In 1939 career criminal Sydney Ross was sentenced to 3 years 9 months in gaol on charges of breaking, entering and theft. In Waikeria prison, near Te Awamutu, he met Charles Remmers, a man with a long list of convictions for offences including false pretences and forgery. Remmers was released in 1941.
Ross was released on 28 March 1942. The following day he met the Minister of National Service, Robert Semple, in Wellington. Ross claimed that he had been approached by a German agent to join a sabotage cell. Nazi agents had landed by submarine and were living at Ngongotahā, near Rotorua. Ross was taken to see Prime Minister Peter Fraser, who referred the matter to Major Kenneth Folkes, a British intelligence officer brought to New Zealand to set up the Security Intelligence Bureau. Folkes decided to use Ross to catch the enemy agents.
According to Ross, the plot included not only the destruction of key sites but the kidnapping or assassination of Fraser, Semple and other members of Cabinet. He claimed that the director of the enemy cell was a Ngongotahā man named Remmers and produced a list of ‘conspirators’. While Ross was put up in Rotorua’s Grand Hotel, Folkes approached the government and chiefs of staff demanding troops and wide powers of arrest to detain suspected saboteurs.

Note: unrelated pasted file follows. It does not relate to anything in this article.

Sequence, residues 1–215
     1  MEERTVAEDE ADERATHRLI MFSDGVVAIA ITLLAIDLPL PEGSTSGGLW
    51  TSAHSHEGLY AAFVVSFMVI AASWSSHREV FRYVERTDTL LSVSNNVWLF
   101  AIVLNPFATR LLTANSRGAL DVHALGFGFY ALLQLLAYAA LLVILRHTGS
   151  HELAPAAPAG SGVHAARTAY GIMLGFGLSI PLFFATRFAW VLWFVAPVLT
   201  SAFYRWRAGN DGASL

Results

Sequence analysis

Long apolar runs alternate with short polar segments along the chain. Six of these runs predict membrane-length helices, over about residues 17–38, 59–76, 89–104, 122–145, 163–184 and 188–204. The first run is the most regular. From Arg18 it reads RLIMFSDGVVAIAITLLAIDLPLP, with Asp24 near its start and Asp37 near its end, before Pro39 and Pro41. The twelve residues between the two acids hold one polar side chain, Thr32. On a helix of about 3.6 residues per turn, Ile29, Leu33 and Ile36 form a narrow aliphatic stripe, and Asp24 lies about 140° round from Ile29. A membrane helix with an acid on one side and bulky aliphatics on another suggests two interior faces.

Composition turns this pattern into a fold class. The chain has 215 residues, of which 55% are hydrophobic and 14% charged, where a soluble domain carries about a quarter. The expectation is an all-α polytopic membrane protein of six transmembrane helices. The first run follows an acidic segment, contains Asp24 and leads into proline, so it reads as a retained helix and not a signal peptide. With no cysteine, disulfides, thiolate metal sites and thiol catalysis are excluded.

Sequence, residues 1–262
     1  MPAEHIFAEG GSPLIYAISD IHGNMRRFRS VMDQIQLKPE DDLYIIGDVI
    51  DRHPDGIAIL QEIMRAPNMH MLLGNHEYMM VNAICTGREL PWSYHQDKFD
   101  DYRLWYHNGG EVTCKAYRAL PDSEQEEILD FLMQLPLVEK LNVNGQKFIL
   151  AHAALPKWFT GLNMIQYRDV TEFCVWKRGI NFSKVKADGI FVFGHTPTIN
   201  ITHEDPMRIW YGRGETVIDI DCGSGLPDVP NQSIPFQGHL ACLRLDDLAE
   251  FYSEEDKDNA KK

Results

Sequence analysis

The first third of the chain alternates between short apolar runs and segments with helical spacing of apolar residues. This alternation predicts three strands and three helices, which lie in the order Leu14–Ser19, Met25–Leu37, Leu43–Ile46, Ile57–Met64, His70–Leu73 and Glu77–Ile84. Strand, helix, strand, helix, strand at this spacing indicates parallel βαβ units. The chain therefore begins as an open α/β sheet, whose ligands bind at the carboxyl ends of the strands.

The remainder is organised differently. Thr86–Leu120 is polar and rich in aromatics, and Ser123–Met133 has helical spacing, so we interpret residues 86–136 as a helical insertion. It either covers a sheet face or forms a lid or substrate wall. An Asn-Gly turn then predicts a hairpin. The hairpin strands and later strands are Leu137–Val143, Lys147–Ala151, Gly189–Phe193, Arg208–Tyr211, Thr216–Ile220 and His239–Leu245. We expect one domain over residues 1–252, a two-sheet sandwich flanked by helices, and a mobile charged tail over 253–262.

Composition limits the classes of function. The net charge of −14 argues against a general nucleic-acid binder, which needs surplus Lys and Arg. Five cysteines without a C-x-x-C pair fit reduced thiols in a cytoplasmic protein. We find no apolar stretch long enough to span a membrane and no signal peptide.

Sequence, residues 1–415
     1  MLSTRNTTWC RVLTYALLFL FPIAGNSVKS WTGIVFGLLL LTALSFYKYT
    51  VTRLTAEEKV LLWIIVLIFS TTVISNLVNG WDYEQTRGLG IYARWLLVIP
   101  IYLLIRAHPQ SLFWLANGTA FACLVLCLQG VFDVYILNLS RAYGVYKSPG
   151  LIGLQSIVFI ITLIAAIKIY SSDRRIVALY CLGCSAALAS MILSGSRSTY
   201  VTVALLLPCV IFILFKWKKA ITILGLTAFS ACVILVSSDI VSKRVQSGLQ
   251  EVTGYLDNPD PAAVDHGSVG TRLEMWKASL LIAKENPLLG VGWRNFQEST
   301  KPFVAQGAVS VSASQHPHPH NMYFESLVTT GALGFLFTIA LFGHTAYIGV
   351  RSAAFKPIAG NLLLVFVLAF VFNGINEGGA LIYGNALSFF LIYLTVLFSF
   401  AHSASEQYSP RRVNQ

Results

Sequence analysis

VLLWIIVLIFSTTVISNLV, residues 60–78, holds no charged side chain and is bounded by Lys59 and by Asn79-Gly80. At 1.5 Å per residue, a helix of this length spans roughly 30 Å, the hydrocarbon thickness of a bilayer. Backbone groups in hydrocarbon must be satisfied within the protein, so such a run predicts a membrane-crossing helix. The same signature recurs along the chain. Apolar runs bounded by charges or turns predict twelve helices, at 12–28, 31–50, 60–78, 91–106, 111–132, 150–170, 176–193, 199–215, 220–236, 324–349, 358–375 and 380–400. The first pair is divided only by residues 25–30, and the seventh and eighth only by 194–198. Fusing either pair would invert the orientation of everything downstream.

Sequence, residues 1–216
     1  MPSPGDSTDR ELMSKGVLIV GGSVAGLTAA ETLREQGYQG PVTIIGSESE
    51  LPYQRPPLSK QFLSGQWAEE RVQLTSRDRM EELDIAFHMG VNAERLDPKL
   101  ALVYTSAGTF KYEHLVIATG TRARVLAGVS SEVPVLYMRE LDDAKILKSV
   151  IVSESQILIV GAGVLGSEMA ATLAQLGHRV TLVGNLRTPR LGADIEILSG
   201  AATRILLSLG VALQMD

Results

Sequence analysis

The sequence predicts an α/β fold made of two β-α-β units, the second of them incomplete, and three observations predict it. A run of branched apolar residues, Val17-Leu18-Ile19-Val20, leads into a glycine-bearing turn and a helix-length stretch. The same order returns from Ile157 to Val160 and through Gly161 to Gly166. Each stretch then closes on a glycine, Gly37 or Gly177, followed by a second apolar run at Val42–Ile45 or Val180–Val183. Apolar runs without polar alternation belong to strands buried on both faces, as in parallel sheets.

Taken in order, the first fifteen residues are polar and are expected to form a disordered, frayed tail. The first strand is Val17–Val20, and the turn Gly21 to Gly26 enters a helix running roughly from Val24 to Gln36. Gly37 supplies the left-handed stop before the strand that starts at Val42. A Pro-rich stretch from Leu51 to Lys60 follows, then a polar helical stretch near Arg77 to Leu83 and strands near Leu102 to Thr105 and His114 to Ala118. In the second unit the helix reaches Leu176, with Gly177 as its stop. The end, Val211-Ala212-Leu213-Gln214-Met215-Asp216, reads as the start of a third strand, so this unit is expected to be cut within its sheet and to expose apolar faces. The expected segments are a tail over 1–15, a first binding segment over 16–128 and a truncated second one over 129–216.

Fraser now asked the police to investigate. They found that the ‘Nazi headquarters’ in Ngongotahā was occupied by an elderly Native Department clerk, a dry-cleaner and three hospital nurses. Ross tried to lie his way out but his story was quickly revealed as a crude hoax.
In February 1943 the Security Intelligence Bureau was taken over by the commissioner of police, and Folkes returned to Britain. Neither Ross nor Remmers was charged with any offences related to the hoax, although in August that year Ross was convicted of assuming a name, receiving stolen property and false pretences. Released in January 1946, he died of tuberculosis seven months later.